7 Sept. 2013. Saturday of the 22nd Week
Col 1:21ff. We must hold fast to the faith, strong in hope, to appear before God as holy, and free of all blame.
Lk 6:1ff. Jesus defends his disciples for eating grain on the Sabbath. “The Son of Man is Lord of the Sabbath.”
First Reading: Colossians 1:21-23
And you who were once estranged and hostile in mind, doing evil deeds, he has now reconciled in his fleshly body through death, so as to present you holy and blameless and irreproachable before him – provided that you continue securely established and steadfast in the faith, without shifting from the hope promised by the gospel that you heard, which has been proclaimed to every creature under heaven. I, Paul, became a servant of this gospel.
Gospel: Luke 6:1-5
One sabbath while Jesus was going through the grainfields, his disciples plucked some heads of grain, rubbed them in their hands, and ate them. But some of the Pharisees said, “Why are you doing what is not lawful on the sabbath?” Jesus answered, “Have you not read what David did when he and his companions were hungry? He entered the house of God and took and ate the bread of the Presence, which it is not lawful for any but the priests to eat, and gave some to his companions?” Then he said to them, “The Son of Man is lord of the sabbath.”
Keeping the Sabbath
The sabbath shalom, the deep sharing in eternal peace which Jesus offers is not easily attained. In today’s readings, we sense the traverse needed to reach such peace: from “hostility to “reconciliation”; from “evil deeds” to being “holy, free of reproach”; from pride, pretense and affluence to humility, honesty and sharing one’s goods; from theological sophistication to simple common sense. Yet the word of God can level mountains and and make straight the way of the Lord (Isa 40:3-5).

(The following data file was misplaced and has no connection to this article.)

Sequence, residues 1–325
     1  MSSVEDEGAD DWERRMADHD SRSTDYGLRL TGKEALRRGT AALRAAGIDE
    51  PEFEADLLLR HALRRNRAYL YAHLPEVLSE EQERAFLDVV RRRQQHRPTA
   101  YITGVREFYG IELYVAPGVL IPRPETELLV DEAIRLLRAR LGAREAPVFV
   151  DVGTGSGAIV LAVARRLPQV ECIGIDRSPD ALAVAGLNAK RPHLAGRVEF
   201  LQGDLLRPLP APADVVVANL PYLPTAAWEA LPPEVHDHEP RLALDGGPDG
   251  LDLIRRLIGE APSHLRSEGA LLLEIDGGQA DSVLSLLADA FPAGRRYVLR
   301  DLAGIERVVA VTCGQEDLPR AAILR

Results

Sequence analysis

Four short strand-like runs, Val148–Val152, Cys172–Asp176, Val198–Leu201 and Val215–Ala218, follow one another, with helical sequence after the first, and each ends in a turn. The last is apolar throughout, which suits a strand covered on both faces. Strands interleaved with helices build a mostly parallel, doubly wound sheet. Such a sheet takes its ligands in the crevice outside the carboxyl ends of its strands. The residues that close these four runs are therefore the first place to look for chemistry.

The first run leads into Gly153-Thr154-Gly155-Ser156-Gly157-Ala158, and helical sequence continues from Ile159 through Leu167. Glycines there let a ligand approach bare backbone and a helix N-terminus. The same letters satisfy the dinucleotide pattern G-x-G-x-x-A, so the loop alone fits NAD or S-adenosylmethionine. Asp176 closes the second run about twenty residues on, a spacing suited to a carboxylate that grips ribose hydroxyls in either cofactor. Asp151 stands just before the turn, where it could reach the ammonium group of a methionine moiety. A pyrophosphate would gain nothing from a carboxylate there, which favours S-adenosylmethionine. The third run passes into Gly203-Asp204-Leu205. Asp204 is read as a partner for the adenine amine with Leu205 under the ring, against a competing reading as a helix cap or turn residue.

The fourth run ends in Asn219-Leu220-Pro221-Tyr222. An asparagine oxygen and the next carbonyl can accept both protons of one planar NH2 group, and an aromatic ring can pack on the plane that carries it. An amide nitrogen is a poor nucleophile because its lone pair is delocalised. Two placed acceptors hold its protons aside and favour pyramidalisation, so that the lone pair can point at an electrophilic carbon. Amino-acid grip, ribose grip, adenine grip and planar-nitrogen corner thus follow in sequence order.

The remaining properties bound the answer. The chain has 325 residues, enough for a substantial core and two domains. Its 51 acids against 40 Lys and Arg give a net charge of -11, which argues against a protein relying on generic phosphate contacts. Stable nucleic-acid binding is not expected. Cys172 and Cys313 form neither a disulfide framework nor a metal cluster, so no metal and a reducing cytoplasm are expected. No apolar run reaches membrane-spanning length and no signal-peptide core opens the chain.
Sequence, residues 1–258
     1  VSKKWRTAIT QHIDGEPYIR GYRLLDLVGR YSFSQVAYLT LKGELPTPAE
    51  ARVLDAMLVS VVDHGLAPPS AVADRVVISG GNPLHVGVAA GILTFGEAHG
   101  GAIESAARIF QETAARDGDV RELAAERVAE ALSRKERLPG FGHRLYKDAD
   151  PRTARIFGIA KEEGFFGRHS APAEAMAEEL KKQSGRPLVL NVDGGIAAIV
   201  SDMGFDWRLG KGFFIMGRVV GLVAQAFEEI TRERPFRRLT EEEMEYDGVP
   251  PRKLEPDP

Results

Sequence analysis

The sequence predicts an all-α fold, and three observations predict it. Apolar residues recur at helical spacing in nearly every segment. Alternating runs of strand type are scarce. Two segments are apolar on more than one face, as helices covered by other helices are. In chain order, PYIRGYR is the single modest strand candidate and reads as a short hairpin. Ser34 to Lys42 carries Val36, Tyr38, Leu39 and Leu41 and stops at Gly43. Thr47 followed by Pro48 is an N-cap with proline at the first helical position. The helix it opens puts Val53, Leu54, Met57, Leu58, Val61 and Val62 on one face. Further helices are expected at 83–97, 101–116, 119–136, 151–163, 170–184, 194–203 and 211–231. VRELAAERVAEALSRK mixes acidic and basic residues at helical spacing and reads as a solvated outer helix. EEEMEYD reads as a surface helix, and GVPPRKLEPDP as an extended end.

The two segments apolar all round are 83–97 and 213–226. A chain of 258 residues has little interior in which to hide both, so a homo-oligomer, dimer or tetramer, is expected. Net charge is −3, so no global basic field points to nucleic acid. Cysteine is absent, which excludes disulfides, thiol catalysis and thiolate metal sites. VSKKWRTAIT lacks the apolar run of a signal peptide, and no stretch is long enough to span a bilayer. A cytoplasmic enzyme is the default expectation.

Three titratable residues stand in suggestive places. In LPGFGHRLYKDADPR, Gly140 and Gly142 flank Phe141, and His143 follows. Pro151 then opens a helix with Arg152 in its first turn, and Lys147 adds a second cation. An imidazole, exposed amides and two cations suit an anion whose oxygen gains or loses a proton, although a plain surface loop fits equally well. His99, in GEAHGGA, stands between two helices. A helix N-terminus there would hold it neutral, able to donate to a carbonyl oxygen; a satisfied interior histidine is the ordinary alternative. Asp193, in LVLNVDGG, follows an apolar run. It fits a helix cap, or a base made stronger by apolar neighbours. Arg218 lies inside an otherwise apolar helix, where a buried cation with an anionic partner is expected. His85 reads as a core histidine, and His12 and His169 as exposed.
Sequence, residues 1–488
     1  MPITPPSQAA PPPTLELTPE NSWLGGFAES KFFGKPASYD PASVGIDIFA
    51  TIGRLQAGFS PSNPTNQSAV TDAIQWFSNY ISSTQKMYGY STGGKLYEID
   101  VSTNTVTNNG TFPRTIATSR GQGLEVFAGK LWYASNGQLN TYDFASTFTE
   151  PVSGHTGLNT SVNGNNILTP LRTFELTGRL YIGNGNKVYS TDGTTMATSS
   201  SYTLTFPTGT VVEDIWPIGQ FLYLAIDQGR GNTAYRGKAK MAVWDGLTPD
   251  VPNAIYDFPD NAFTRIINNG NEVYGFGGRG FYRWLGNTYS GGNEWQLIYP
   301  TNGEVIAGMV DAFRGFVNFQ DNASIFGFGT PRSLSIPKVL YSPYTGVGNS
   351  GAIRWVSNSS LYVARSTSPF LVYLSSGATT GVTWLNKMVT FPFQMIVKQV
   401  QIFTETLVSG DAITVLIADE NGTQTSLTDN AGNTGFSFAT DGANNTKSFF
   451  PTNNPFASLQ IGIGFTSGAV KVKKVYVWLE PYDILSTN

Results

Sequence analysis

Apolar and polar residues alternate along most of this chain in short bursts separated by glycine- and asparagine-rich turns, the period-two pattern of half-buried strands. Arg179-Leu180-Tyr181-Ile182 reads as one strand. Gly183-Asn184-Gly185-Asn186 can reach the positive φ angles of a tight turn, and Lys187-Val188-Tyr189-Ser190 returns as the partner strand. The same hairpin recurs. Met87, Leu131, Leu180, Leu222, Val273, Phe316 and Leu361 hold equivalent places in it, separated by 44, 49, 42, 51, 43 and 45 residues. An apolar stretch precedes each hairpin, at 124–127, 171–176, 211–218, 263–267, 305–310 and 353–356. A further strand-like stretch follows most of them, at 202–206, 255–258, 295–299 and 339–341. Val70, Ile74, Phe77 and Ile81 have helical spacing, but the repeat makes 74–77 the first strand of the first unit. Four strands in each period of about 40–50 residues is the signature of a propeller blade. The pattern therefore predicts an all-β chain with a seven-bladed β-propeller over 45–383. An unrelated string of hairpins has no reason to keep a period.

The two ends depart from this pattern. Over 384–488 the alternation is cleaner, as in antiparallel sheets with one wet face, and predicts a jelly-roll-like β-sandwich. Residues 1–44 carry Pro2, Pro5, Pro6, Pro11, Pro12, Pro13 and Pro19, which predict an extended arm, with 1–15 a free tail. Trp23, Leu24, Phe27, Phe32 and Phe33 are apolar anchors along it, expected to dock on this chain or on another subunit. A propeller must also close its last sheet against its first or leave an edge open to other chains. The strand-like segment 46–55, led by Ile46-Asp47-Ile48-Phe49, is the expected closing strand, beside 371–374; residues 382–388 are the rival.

When questioned about the actions of his hungry disciples on the sabbath, Jesus replied with simple common sense. They were plucking ears of grain, and eating them, an action normally permitted as one walked through a field of standing corn. He bolsters his defense of them by appealing to another time when David and his men were allowed eat what normally was reserved for priests. Proper observance of the Law allowed for serving the poor and the needy.
Jesus is “Lord of the sabbath” in a deeper sense. Colossians speaks of his winning reconciliation for us by dying in his mortal body. If it is to be real, peace is no cheap grace; it is not “easy come, easy go”. Jesus died to obtain it for us. Someone must patiently suffer the effects of hostility and envy, so that others can see the evil of their deeds and be truly sorry for them. In Jesus, humble and patient on the cross, we find ourselves drawn to repudiate sin (2 Cor 5:21) so that he can present us to God “holy, free of reproach and blame.”